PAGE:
Rick: During the 1990s the Lite absolutely dominated in the ratings in Chicago. Why do you think that's no longer the case?

I could say that there was a bonehead decision to fire me in 1999, but while that would be a true statement, that would be mean. I think the market has changed considerably,both demographically and competetively since those days, and once LITE got huge, people started trying everything they could to slice a piece away from the station here and there. The station didn't stay focused after it left Viacom's control, and listeners went looking for something they liked better. One of the great tools we had when Viacom Radio owned LITE was a hefty marketing budget with impactful messages. That went away as soon as Viacom sold the station and its never come back at the levels it once was at.

Rick: You've worked for all of the major radio conglomerates, including a stint with CBS, Entercom, Bonneville, and the company that eventually became Clear Channel. From a corporate perspective, how do each of these companies approach their product differently?

CBS is a tremendous company led by programmers, and they have a lot of respect for the product. Right now, I can't think of a company more committed to content, no matter what the delivery platform is. That committment goes through every cluster CBS owns, and we've got some new innovative things on the horizon. I've been with CBS in St. Louis for almost five years now, and I know the other companies have changed since I've worked for them, so its hard to talk about each of them. I follow the Chicago market closely and I admire what Bonneville has done wth its cluster. Their performance in that market is quite impressive.

Rick: You've also had the chance to work with a lot of talented air personalities. Why do you think the relationship between management and talent can so easily become adversarial, and what are your tricks to avoid that from happening?

Mark: I think sometimes management doesn't let talent do what they were hired to do. Whether its a big money morning man, a rookie weekender, or a PD, you have to let your people do their jobs. I have a tremendous amount of respect for great Air Personalities, partly because I was never that good on the air, but mostly because I've always tried to build a team with people who are specialists in what they do. When you clamp down on any kind of talent, you don't let them do what you hired them to do, so I'd rather let them do their "act", critique when its necessary, and make sure they know their limits, whether it be what they can talk about or how long a bit should be. Great local talent will always be broadcast radio's best weapon, and you have to let them be themselves as well as good station ambassadors on and off the air.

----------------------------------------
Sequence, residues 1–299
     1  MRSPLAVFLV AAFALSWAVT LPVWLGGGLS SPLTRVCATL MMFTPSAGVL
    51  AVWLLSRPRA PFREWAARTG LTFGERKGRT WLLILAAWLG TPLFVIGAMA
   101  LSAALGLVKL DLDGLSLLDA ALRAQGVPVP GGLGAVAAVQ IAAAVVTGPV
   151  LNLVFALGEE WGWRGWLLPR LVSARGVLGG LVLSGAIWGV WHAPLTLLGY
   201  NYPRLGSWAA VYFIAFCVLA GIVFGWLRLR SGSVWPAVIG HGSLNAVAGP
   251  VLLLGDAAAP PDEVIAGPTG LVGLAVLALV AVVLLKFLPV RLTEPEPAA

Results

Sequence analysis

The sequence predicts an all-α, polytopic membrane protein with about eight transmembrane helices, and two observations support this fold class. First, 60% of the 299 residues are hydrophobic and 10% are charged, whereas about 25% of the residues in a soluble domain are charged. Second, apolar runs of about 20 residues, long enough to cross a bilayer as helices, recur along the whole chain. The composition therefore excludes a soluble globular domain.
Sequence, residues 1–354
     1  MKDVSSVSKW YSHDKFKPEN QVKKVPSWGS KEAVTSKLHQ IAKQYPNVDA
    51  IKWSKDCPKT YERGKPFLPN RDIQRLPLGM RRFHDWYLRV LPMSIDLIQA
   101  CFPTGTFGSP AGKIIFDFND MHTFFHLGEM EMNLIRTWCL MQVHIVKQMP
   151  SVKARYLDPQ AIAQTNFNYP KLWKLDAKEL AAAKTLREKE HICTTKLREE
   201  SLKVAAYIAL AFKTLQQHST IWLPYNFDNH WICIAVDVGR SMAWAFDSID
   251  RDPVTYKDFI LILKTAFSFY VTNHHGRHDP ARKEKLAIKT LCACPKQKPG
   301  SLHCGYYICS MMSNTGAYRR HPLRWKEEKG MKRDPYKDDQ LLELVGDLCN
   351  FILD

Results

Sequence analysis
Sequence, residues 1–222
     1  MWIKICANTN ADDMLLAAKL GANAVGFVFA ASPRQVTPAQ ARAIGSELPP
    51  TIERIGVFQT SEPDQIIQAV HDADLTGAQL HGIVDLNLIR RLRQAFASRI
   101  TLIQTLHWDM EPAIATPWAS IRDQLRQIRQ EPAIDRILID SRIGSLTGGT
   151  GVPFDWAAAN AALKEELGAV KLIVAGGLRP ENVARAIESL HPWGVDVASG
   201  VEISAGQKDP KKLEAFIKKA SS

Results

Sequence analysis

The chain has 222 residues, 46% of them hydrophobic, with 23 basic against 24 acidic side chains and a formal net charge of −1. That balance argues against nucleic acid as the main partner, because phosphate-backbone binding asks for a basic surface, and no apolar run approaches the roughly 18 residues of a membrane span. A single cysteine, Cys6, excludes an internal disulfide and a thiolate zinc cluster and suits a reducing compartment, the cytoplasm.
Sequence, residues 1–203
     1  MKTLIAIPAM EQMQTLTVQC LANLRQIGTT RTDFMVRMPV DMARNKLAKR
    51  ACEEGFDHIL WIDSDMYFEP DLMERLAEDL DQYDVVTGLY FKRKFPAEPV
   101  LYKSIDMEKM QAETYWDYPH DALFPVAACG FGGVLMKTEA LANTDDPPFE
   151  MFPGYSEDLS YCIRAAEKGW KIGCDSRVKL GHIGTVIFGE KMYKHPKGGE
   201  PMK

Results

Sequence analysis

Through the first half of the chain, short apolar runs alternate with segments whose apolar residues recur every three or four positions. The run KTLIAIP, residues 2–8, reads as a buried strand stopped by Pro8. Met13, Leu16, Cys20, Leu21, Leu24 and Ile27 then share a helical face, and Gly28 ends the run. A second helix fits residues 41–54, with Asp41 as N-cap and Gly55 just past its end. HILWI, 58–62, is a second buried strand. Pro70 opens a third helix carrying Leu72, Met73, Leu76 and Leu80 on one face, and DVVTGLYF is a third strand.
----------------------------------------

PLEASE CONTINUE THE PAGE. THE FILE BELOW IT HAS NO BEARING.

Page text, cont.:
Rick: You've obviously proven that you know your stuff when it comes to the soft-rock/adult contemporary format--your track record speaks for itself. People have been predicting the death of that format for years now, but it seems to persevere. What do you think are the strengths of adult contemporary, and what are realistic expectations for what that format can accomplish in this new people meter world?

Mark: Adult Contemorary radio, no matter what flavor it is, has a very bright future if the station is well positioned. The key is to intimately know your target audience, super serve them, and make sure everything your station does makes sense to them. That includes music, promotions, personalities, web content, everything associated with the brand. Adult radio will do very well in the PPM world, and smart programmers will fine tune their stations to take advantage of the new methodology. You don't have to give the call letters after every song in a PPM environment, but you've got to give people reasons to keep on really listening to your station, not THINKING they listened to it when they fill out a diary.

Rick: I know you're a big fan of using new media to help super-serve your target audience. What are some ways your stations in St. Louis do that?

Mark: Of course, we stream both AC KEZK ( and Adult Top 40 KYKY ( and have for a long time. We're using the robust new CBS streaming player that delivers lots of visual content along with an incredible quality stream. You can also hear our stations live on AOL Radio and the iPhone. We've got two HD2 channels on the air now and plans for more. One web-only stream will be re-launching in September, and there are plans for more very specialized web and HD services after that. Content is king, and we'll put it out on whatever delivery platform consumers want. AM and FM radio will always be important, because they can and should be very local. We'll be offering content that is especially for St. Louis on new delivery platforms, but there are lots of other new and exciting services in the pipeline that will have literally worldwide appeal.

Rick: Who are some of the radio professionals in the Chicago market that you admire and why?

Mark: The late Art Roberts was kind enough to let me sit in with him at WLS when I was a very young kid. I'll always remember those times in the old Stone Container Building. When I was 5, I did two weeks of Romper Room on WGN TV, and that's when the TV and radio stations were both on Bradley Place. I got to see Wally Phillips (photo) work one morning and I knew then that I wanted to do what he did. John Gehron is an exceptional broadcaster, and I've always admired hm professionally and personally. I grew up listening to tons of incredible Air Personaliteis, too many to mention, but I learned and admired all of them. Buddy Scott was once the PD at B96, and he was the first person to put me on the radio as a 14 year old guest DJ at WIFE in Indianapolis. I'll never forget that night, and I still have the tape of what was a horrid broadcast to this day. Dave Martin, Jhani Kaye, Jim DeCastro, Larry Wert, Drew Horowitz, Barry James, and so many other people were very kind to me during my time in Chicago and since, and it was an honor to be able to travel in the same circles as those giants of Chicago radio. Dave Robbins, Norm Winer, Derrick Brown, and Tom Langmeyer are world class broadcasters in the market today, and I admire them greatly.